Grabill is only 12 miles from New Haven. Both are within Allen County. You can drive from one to the other in less than 20 minutes.
The Greater Fort Wayne Business Weekly (April 7) reports a furniture manufacturer is moving from Grabill to consolidated, larger quarters in New Haven. One reason for the short move is to keep 125 experienced workers together. They may even add 60 jobs in the future.
That sounds good to me. A Hoosier company is doing well and sees a bright future. Workers are not losing jobs. No doubt their commuting patterns will change, but not drastically and most residents of Allen County will note no differences.
It may not be good for Grabill which will now have vacant buildings that could lead to lower property tax revenues. It will be good for New Haven because one of their vacant buildings will now be occupied, which should increase property values and hence tax revenues.
Yet, the Indiana Economic Development Corporation (IEDC) has offered the company a total of $300,000 in tax credits and $60,000 for worker training, contingent on added workers being hired. Plus, federally-funded Northeast Indiana Works will provide the firm with hiring and training assistance.
So here is a thriving company making a short move with little economic impact for Indiana, yet being supported with a combination of state and federal tax funds. Why?
Would this firm move out-of-state without these subsidies? Does this have anything to do with a former leader of IEDC coming from Allen County? In effect, what purpose does this expenditure of tax dollars serve?
I know $360,000 is a small amount by government standards. But our Indiana General Assembly is winding up a session where they can’t seem to find enough money for essential services. Our Congress is ready to cut everything except the military budget and the expenses of Congress and the White House.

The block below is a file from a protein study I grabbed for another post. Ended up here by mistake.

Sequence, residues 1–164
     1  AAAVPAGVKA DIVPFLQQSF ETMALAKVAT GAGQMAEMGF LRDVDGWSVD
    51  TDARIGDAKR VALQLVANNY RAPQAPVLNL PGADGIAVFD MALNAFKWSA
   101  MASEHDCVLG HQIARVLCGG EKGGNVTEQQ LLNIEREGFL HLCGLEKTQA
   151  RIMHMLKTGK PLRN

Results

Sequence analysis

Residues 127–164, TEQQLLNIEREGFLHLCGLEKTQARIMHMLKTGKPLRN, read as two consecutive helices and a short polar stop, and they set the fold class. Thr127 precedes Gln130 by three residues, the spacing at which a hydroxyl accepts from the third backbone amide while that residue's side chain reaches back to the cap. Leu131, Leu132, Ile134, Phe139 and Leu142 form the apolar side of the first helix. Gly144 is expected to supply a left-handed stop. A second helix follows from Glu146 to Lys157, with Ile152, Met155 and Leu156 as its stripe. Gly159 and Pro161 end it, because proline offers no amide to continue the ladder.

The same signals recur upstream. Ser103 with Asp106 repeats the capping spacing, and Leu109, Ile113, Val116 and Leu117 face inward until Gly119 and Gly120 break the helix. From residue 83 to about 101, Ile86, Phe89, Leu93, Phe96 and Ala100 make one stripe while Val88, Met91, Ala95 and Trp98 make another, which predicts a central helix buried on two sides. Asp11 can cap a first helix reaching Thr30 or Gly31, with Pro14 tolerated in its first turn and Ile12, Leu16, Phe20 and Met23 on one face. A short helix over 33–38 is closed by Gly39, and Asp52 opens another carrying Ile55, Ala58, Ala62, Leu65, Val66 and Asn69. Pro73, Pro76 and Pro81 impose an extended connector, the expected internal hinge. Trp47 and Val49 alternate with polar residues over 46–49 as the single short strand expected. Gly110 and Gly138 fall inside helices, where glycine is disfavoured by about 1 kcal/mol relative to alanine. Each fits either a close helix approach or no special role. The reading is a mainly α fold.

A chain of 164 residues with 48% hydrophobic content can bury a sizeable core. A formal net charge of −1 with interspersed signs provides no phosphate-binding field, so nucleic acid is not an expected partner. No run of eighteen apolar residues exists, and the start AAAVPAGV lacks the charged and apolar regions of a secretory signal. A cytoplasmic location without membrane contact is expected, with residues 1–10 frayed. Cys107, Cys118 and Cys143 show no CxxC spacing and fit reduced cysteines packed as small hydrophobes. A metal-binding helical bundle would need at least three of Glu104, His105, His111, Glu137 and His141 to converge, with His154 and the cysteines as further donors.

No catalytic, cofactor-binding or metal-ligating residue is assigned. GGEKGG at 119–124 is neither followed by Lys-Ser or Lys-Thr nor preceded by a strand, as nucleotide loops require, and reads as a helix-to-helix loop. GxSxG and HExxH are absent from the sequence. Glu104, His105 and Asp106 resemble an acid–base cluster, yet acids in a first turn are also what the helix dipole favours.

Yet, what would $360,000 do for pothole repair in Allen County or how many of the county’s children could be supported in Pre-K programs for that money?
Regular readers know I’m an ardent advocate for economic development. But do we spend our money wisely? How much of Indiana’s purported “boom” in recent years is due to the remarkable growth of non-durable manufacturing rather than the return of traditional metal bending?
Has anyone taken a hard look at all the many economic development programs and assessed their effectiveness? Do we even know how much we have been spending on economic development?
All that must wait for the future. Right now I must correct a statement in this column two weeks ago. At that time I reported 12 percent of funds for Indiana Legal Services to low-income persons came from the federal government. The correct figure is closer to 65 percent. Thus, any cut in those funds would have an even greater impact than previously suggested.
Morton Marcus is an economist, writer and speaker who may be reached at mortonj firstname.lastname@example.org.